- the vertex is [latex]\left(h,k\right)=\left(-3,1\right)[/latex]
- the axis of symmetry is [latex]y=k=1[/latex]
- [latex]-16=4p[/latex], so [latex]p=-4[/latex]. Since [latex]p<0[/latex], the parabola opens left.
- the coordinates of the focus are [latex]\left(h+p,k\right)=\left(-3+\left(-4\right),1\right)=\left(-7,1\right)[/latex]
- the equation of the directrix is [latex]x=h-p=-3-\left(-4\right)=1[/latex]
- the endpoints of the latus rectum are [latex]\left(h+p,k\pm 2p\right)=\left(-3+\left(-4\right),1\pm 2\left(-4\right)\right)[/latex], or [latex]\left(-7,-7\right)[/latex] and [latex]\left(-7,9\right)[/latex]

**Figure 10**

### Try It 5

Graph [latex]{\left(y+1\right)}^{2}=4\left(x - 8\right)[/latex]. Identify and label the vertex, axis of symmetry, focus, directrix, and endpoints of the latus rectum. Solution### Example 6: Graphing a Parabola from an Equation Given in General Form

Graph [latex]{x}^{2}-8x - 28y - 208=0[/latex]. Identify and label the vertex, axis of symmetry, focus, directrix, and endpoints of the latus rectum.### Solution

Start by writing the equation of the**parabola**in standard form. The standard form that applies to the given equation is [latex]{\left(x-h\right)}^{2}=4p\left(y-k\right)[/latex]. Thus, the axis of symmetry is parallel to the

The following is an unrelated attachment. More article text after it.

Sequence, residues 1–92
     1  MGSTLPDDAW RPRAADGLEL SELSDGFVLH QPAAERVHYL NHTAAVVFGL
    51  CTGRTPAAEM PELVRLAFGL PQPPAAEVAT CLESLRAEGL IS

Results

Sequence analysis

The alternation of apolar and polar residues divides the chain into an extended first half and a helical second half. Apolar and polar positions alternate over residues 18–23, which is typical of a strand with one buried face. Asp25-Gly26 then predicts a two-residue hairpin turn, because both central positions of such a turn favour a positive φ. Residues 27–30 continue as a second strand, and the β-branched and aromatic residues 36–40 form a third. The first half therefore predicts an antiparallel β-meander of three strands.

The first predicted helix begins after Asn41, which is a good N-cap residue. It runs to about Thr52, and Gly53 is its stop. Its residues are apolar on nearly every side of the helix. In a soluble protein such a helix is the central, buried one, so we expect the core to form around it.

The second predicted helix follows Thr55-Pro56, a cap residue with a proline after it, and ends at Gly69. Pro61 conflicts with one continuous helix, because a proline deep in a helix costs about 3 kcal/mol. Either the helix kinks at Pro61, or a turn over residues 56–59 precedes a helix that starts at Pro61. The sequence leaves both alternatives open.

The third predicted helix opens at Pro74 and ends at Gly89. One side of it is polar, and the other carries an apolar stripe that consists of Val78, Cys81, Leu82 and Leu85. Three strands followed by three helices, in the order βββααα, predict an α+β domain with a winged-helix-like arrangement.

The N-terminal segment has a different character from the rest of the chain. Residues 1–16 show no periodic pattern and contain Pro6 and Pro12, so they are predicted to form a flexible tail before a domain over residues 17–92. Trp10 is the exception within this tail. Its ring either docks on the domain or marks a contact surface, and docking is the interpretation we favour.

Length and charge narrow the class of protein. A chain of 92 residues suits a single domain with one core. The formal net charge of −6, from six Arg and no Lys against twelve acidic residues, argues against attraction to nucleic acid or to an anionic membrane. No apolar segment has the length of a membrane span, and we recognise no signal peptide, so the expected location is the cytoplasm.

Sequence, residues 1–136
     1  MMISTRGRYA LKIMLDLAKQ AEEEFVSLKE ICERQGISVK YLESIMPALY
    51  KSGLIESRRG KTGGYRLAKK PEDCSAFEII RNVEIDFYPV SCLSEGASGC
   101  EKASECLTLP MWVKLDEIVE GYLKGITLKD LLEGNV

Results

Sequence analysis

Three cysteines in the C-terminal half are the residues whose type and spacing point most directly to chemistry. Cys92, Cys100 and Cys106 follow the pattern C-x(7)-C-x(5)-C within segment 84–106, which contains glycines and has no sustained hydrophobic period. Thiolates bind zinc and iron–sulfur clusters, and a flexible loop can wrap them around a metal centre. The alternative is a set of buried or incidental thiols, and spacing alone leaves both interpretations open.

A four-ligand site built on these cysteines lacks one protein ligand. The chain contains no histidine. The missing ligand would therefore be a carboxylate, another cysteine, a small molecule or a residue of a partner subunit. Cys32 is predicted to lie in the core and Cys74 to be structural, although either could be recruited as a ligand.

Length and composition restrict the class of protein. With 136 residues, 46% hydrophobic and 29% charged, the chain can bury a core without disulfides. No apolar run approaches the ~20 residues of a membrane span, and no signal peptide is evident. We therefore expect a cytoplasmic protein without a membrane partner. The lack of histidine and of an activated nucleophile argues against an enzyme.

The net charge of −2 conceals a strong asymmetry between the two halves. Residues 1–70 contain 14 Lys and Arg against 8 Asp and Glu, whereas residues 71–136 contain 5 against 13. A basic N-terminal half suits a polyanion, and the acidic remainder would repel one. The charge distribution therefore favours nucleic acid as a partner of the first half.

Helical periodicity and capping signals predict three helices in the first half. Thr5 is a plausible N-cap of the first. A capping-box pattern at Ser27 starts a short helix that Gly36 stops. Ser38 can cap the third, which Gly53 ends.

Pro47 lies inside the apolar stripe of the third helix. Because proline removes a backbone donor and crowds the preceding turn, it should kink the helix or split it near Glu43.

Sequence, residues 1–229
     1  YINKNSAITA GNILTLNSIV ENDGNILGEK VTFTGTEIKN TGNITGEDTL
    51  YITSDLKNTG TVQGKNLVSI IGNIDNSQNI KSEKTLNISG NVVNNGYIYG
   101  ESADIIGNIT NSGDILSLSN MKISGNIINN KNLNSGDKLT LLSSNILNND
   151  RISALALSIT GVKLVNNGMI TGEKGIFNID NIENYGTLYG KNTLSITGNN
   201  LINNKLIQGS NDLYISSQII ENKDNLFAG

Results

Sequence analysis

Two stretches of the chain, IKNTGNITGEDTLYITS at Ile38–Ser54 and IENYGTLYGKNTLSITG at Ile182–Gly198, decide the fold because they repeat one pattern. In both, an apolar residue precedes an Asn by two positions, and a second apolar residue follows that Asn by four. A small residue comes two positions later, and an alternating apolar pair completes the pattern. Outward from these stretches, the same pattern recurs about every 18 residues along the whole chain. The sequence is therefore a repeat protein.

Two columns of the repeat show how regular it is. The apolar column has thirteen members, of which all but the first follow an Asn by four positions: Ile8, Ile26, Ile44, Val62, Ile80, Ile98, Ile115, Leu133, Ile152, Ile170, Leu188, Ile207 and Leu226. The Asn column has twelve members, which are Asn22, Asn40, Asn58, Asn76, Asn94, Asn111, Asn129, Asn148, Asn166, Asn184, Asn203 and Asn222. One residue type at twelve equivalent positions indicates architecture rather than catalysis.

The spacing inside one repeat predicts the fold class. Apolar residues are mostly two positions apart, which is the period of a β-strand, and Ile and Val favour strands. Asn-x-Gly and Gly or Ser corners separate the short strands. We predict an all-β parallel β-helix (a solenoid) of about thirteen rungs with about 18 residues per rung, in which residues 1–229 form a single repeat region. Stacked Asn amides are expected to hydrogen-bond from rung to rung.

*y*-axis. To express the equation of the parabola in this form, we begin by isolating the terms that contain the variable [latex]x[/latex] in order to complete the square.

- the vertex is [latex]\left(h,k\right)=\left(4,-8\right)[/latex]
- the axis of symmetry is [latex]x=h=4[/latex]
- since [latex]p=7,p>0[/latex] and so the parabola opens up
- the coordinates of the focus are [latex]\left(h,k+p\right)=\left(4,-8+7\right)=\left(4,-1\right)[/latex]
- the equation of the directrix is [latex]y=k-p=-8 - 7=-15[/latex]
- the endpoints of the latus rectum are [latex]\left(h\pm 2p,k+p\right)=\left(4\pm 2\left(7\right),-8+7\right)[/latex], or [latex]\left(-10,-1\right)[/latex] and [latex]\left(18,-1\right)[/latex]

**Figure 11**

### Try It 6

Graph [latex]{\left(x+2\right)}^{2}=-20\left(y - 3\right)[/latex]. Identify and label the vertex, axis of symmetry, focus, directrix, and endpoints of the latus rectum. Solution## Licenses & Attributions

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- Precalculus.